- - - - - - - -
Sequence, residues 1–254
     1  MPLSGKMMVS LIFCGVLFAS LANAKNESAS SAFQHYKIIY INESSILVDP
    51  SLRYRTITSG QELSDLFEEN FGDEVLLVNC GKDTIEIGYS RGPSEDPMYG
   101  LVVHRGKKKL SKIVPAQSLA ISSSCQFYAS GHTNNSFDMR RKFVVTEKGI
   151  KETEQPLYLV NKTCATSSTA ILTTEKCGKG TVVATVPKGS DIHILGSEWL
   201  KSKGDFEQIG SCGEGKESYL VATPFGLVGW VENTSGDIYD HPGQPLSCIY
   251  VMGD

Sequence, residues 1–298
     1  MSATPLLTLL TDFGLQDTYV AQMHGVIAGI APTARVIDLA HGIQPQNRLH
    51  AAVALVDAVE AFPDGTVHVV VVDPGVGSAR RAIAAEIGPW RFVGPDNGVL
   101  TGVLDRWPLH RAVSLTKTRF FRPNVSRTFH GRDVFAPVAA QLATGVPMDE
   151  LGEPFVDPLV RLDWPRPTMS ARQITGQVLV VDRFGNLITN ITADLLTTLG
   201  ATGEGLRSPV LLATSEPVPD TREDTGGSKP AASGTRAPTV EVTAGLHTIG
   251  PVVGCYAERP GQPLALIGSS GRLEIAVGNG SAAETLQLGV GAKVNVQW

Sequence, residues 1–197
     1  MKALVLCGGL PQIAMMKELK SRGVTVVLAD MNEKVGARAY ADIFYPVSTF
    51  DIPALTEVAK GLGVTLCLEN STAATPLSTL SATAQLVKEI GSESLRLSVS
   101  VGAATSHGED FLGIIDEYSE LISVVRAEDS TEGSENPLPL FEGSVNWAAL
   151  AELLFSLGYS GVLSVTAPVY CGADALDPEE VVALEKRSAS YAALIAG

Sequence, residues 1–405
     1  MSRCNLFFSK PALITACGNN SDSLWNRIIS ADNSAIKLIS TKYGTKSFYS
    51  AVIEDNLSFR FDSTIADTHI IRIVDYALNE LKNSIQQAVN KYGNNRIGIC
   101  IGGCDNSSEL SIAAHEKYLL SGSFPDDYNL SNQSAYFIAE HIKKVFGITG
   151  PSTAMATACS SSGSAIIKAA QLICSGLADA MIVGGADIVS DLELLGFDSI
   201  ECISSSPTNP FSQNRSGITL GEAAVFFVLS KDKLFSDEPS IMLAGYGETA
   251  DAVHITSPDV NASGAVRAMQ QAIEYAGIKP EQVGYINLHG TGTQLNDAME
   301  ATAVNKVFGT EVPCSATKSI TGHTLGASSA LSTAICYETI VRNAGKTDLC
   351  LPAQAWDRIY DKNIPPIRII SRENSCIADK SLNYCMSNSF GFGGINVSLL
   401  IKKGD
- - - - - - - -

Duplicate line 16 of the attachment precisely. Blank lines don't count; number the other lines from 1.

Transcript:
     1  MKALVLCGGL PQIAMMKELK SRGVTVVLAD MNEKVGARAY ADIFYPVSTF